Let’s bank on a bit of sun and fun
GRIM. It must be one of the most over-used words this year. It is trotted out repeatedly to describe the weather, financial outlook, prospects of certain prominent politicians and embattled airline operators.
The repetition induces the same bleak, battle-weary feeling in many of us as does the greyest of Monday mornings. All four of those in August, for example.
The long-term lack of optimism has led to the largest number of Britons emigrating this year since records began. I believe, however, that we may be close to recession fatigue. It appears from the latest John Lewis figures that we are about to cock a snook at the many Cassandras warning of impending doom by beginning to shop on the high street again.
After a poor summer, John Lewis announced much better figures for the beginning of September. Surprisingly, however, Oxford Street’s store soared by 16% on last year while Newcastle dropped by 0.8% on 2007 figures.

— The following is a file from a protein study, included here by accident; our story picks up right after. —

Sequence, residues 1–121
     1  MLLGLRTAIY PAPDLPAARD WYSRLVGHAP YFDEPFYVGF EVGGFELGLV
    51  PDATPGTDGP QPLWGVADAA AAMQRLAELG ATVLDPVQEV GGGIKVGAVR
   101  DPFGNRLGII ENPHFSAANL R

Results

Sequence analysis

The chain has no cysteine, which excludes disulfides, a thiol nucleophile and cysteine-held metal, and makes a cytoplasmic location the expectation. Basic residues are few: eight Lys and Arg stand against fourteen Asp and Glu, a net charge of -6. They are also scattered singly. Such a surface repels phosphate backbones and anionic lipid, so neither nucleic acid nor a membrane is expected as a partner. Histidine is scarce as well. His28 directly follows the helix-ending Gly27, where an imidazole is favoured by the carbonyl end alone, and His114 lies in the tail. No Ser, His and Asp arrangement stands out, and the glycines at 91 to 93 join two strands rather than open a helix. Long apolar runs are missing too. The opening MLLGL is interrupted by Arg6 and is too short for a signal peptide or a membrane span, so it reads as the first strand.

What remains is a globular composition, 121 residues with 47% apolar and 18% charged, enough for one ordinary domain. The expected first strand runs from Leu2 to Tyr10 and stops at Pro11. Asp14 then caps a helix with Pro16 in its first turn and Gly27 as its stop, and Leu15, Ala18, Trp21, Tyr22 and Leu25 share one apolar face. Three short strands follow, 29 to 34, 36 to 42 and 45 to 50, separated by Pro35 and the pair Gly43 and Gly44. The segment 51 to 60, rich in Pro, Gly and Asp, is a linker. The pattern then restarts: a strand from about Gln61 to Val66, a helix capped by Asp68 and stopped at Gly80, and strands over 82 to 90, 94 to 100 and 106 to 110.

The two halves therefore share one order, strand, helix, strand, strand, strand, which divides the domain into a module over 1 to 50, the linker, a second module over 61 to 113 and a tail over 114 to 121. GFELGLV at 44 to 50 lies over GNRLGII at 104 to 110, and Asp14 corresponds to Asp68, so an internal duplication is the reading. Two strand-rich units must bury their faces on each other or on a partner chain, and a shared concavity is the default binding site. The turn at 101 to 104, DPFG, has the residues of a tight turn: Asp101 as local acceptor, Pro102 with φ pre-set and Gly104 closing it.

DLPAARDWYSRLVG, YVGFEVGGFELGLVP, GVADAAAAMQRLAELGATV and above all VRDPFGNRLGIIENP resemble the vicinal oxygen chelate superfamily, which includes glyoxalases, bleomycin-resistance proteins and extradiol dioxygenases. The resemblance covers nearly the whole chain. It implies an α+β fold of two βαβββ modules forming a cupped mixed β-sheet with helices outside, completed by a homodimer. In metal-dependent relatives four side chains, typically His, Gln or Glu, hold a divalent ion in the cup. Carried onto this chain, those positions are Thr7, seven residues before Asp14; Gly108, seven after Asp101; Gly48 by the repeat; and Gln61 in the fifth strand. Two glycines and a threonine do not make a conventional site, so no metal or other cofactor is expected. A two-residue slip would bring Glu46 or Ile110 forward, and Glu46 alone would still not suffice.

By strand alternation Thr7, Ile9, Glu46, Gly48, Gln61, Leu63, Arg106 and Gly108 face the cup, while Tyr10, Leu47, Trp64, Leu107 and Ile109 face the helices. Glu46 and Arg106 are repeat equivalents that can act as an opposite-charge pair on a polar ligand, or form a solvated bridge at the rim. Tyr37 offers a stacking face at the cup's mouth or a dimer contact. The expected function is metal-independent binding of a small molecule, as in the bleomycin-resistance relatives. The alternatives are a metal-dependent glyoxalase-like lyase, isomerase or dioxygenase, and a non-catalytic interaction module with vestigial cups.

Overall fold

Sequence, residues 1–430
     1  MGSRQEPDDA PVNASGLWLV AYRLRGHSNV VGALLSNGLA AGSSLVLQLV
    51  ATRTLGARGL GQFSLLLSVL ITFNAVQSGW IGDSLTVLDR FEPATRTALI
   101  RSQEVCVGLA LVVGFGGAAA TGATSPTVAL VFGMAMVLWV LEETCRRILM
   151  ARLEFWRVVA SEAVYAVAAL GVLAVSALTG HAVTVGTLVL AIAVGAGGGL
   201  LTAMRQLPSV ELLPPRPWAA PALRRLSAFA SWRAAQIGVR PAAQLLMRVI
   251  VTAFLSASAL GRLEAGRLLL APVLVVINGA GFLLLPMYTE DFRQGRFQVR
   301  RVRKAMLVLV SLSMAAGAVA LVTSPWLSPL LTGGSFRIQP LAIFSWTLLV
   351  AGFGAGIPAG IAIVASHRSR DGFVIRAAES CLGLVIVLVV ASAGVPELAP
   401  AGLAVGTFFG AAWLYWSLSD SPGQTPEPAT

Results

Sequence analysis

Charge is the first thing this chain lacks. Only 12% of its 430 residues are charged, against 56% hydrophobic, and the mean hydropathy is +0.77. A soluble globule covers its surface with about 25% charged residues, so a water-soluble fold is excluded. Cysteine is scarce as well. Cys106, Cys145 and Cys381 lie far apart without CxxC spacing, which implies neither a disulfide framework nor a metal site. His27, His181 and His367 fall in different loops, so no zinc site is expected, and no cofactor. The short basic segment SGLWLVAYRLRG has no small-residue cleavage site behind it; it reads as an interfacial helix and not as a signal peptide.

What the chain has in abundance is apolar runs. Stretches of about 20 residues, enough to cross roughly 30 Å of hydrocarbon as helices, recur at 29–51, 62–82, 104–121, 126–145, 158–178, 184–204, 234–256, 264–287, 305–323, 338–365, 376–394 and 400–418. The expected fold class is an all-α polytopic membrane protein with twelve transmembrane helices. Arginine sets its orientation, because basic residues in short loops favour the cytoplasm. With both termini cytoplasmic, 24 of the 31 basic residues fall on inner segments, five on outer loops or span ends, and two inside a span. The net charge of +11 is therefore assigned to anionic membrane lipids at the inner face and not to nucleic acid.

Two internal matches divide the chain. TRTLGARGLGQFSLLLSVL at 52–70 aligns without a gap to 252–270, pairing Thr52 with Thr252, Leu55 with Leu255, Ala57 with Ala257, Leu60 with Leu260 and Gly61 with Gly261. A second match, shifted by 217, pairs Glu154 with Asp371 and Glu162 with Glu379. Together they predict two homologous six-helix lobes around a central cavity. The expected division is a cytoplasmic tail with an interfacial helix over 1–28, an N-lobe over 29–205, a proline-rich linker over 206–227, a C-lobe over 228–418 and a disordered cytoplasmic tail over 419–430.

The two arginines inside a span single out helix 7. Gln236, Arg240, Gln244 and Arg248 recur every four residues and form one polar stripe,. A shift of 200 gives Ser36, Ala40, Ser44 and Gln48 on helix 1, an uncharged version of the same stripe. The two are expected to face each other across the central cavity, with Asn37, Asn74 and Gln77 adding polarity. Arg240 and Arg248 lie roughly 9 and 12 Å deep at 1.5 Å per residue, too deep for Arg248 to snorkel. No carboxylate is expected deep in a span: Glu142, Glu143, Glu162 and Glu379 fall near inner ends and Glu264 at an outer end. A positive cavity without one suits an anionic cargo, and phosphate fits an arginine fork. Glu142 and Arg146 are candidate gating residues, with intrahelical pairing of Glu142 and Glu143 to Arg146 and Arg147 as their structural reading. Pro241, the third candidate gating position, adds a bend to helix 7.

For a region which has long enjoyed spending its disposable money to look good and enjoy life, the need to count the pennies must be hitting hard to stifle the urge to visit the high street. When many families have stayed at home this year instead of jetting off to a holiday, retail therapy has a purpose over and above spending hard-earned money.
Shopping equals entertainment. It’s a good day out, complete with coffee, chats, people-watching and bargain-grabbing.
MetroCentre was conceived as a day out – with the family. Go along any Bank Holiday and you’ll see how many hundreds of families agree. The artificiality of it, always warm, dry, with ice cream and sweets every few hundred yards, reminds me of a theme park. People are encouraged to stay and to spend, and make it a real holiday with a visit to the cinema, meal and even a cocktail.
If this summer has resulted in many sodden stay-at-home people, I predict a rise in package holidays and shopping figures next year, whatever the financial predictions. None of us knows for certain what tomorrow will bring. Let’s bank on a bit of sun and fun.
Nicholas Craig is a partner at Watson Burton law firm